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17 July 2008

Using twitter as a free trade platform

Buy and sell anything online using Twitter for free.

I thought this was worth a try. Twitter has taken off because it is short, simple, easy to use and readily accessible from a number of different platforms. It's so easy to post a short tweet when that's all you want to say rather than a long blog article. It's more immediate and like SMS is particularly useful when you have a short message or series of short messages to put out quickly. Microblogging is taking off, even the Prime Minister uses it. Having received a twitter message from a government minister earlier today, it seems to be an effective way to reach people.

However, rather than considering Twitter as the SMS equivalent of blogging, what about using the Twitter API via sites such as tweetscan to scan the entire twittersphere for anything of interest? Twitter needn't just replace blogging - the free posting to a large audience via Tweetscan and others could rival other free advertising platforms such as Craigslist (ugh) and Gumtree (also ugh), both owned in part by Ebay. It needn't stop there - if enough people set up twitter wanted feeds you could list for free on Twitter rather than paying to list on Ebay.

Paying for such a service is a problem with no feedback mechanism but it's no worse than currently exists with Craigslist and Gumtree.

However, let me suggest a format. This is based loosely on the XML content I receive in RSS feeds for jobs etc and seems to work well enough for that.

You have 140 characters. I suggest the "tweet trade format" as follows (illustrated by examples)


  • Want: Wanting to use a service (e.g. a plumber sought)

  • Buy: Wanting to buy a physical product (e.g. a PC)

  • Sell: Wanting to sell a physical product (e.g. a PC)

  • List: Listing offering a service (e.g. I am a plumber, I am listing a job on offer, etc)

Supposing you have a mobile phone for sale in Mt View California. The listing would look like this:
SELL: Nokia E61 (Used) :$50 Mountain View/CA/US 2008-07-20

Maybe you want to buy a house?
BUY: House 4 bed :$500000 Sunnyvale/CA/US 2008-08-31
The price here being the maximum

Supposing you have a job listing, this is a service listing so comes under the LIST category. Contract Project Manager in London, UK for £500 per day.

e.g. LIST: Contract Project Manager Agile PRINCE2 :£500pd London/UK 2008-07-20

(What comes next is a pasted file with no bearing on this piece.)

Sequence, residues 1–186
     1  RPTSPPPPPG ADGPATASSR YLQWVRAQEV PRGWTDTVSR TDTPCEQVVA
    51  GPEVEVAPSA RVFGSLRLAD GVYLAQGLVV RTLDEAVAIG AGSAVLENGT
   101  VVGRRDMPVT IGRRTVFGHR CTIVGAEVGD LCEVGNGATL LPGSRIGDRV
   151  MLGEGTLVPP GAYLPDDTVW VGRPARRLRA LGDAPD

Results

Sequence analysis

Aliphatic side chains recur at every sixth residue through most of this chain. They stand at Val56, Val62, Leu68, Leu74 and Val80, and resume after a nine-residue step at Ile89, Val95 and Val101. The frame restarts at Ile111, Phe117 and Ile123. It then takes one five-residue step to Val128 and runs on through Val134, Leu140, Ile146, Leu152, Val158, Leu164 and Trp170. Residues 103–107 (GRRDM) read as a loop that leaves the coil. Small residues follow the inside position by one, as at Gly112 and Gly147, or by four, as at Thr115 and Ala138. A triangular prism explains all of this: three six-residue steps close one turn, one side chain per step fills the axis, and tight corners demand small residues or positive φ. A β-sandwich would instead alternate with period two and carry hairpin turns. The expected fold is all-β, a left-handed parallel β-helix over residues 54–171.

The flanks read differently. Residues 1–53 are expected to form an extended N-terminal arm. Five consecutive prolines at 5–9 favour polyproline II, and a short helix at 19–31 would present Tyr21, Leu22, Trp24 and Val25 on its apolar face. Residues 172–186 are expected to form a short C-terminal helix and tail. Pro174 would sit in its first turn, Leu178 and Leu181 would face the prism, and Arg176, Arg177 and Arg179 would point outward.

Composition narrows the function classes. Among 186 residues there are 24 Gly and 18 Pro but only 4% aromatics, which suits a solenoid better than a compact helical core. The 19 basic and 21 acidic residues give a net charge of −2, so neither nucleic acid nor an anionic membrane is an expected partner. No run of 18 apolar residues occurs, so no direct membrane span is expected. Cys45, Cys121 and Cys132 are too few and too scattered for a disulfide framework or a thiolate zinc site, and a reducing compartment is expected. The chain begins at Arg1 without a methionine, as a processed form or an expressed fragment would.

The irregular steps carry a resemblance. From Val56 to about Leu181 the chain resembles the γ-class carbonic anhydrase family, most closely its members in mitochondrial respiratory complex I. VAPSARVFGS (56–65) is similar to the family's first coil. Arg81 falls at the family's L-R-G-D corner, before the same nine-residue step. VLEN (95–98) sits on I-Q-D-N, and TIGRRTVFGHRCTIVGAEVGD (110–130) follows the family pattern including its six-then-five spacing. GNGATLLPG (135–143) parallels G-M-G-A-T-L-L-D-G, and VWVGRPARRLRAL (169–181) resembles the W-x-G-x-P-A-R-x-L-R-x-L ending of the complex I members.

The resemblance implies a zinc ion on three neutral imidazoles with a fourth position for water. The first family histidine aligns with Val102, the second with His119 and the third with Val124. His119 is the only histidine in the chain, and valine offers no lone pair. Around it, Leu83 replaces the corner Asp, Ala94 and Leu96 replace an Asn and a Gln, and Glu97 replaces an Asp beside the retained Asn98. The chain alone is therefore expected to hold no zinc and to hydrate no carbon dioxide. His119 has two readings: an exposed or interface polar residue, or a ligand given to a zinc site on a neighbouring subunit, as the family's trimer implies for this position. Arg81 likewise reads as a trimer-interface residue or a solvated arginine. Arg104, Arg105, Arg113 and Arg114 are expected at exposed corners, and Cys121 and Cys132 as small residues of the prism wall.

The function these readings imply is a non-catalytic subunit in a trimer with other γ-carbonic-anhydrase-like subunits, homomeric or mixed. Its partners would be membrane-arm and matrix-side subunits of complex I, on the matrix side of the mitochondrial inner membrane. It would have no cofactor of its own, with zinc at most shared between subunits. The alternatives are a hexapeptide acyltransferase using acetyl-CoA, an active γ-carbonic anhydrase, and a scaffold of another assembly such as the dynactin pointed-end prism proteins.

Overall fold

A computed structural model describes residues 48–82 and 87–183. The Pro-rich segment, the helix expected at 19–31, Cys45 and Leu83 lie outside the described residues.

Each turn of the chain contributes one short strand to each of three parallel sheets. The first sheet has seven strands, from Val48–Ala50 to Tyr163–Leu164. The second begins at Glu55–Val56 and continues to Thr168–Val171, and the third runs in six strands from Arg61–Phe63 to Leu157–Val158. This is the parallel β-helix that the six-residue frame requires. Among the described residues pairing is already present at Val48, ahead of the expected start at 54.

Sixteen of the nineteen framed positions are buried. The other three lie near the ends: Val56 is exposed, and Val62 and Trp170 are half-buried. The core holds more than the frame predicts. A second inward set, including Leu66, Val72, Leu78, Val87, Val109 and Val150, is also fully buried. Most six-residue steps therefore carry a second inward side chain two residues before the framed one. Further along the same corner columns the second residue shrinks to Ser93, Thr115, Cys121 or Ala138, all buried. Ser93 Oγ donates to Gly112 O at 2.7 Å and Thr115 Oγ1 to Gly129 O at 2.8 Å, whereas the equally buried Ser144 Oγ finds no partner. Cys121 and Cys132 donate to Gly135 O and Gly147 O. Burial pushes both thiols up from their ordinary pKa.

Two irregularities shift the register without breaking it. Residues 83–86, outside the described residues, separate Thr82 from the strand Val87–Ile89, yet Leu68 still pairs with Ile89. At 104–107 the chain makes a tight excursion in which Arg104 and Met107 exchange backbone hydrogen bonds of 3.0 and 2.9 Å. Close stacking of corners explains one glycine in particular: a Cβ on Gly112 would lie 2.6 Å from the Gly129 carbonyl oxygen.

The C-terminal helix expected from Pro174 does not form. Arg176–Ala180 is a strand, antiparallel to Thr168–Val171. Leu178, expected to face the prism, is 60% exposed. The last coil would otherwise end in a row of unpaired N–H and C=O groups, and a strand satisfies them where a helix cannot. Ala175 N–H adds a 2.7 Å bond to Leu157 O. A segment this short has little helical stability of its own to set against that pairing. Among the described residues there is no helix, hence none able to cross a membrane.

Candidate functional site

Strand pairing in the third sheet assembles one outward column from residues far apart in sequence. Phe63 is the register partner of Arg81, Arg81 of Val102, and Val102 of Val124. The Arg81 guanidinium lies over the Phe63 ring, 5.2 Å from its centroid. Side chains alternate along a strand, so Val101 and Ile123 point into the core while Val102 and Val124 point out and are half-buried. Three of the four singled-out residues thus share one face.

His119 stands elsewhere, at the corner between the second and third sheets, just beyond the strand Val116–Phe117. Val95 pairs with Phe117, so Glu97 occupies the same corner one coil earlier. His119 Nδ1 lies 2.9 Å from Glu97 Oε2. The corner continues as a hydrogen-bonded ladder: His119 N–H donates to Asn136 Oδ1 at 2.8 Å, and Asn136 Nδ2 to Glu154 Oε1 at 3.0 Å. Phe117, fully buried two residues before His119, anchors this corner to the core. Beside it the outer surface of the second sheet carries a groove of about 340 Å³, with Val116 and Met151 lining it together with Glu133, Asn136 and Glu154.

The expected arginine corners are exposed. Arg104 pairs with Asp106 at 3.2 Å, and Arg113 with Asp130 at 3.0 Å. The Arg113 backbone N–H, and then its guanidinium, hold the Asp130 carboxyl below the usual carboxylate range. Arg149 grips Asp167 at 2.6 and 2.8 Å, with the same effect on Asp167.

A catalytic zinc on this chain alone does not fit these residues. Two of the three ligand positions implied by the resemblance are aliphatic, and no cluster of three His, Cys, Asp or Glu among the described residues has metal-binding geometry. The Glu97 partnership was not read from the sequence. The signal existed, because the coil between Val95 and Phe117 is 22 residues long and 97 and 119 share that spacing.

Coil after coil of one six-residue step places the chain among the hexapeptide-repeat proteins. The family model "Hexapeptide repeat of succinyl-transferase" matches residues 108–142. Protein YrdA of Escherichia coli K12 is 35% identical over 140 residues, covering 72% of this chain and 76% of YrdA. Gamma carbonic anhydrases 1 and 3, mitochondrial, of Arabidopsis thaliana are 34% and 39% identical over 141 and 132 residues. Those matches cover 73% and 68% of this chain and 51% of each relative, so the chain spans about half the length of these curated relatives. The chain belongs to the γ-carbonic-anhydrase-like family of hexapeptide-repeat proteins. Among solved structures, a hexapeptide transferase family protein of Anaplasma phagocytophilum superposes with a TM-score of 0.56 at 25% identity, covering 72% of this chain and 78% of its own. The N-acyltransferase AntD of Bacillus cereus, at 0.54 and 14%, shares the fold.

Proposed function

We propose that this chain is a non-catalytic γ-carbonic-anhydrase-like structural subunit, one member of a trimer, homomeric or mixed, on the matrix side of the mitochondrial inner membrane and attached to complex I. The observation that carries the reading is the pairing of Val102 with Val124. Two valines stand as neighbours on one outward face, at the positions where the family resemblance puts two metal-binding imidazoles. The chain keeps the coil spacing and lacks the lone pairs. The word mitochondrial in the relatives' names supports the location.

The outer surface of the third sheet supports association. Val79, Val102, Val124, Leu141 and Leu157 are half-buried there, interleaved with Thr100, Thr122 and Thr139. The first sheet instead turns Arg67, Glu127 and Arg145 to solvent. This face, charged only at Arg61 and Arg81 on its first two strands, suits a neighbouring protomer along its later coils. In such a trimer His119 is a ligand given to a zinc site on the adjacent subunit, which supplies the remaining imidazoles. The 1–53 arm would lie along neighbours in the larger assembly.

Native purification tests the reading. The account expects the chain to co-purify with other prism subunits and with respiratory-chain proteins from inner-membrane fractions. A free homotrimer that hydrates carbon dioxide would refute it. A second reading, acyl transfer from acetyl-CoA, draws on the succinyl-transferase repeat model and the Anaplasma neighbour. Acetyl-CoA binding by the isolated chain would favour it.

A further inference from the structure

The "where" would end with the 2 letter ISO country code (ISO3166). If the item is relevant to a global audience then WW could be used (world-wide) as in WWW (world-wide web).

e.g. WANT: Domain for Web2.0 startup :$10000 2008-08-21
The price here being the maximum price willing to be paid.

Dates would be in international ISO8601 format. That way Americans and Europeans will have the same format and we don't get confused over 04/07/2008 being the 4th of July or the 7th of April.

The URL could of course point to a page on your own site, your blog, a listing on Ebay, a listing on Craigslist or Gumtree or for an item wanted, you could give more detail about what is you want by linking to a similar item on Ebay, Amazon, whatever. It could also link to an openID page for people to contact you, mine is

If you think this is a great idea, drop me an email - I'm compiling a mailing list of interested parties who think being able to list products and services on the internet and sell them /effectively/ for as much as it costs to list a webpage in Google (ie nothing) is the way to go and I'm keen to build up a userbase to convince prospective investors that this will take off. It has a long way to go past twitter listings, this is just an early toe in the water.

If anyone wants to build a tool to build up the listing in the standard format via a webform, then drop me a line.

Then with these listings, you can search for them simply using or use Tweetscan to sign up for email alerts when something matches what you are looking for (just like eBay favourite search notifications). You can also use tweetscan to search up a search and associated RSS feed for it.

I can see this format evolving over time, but that seems enough for a starter. Comments welcome.

1 comment:

JMac said...

I have been thinking along the same lines....I think its good in principle yet problematic in error potential.

Keep me in the loop :)

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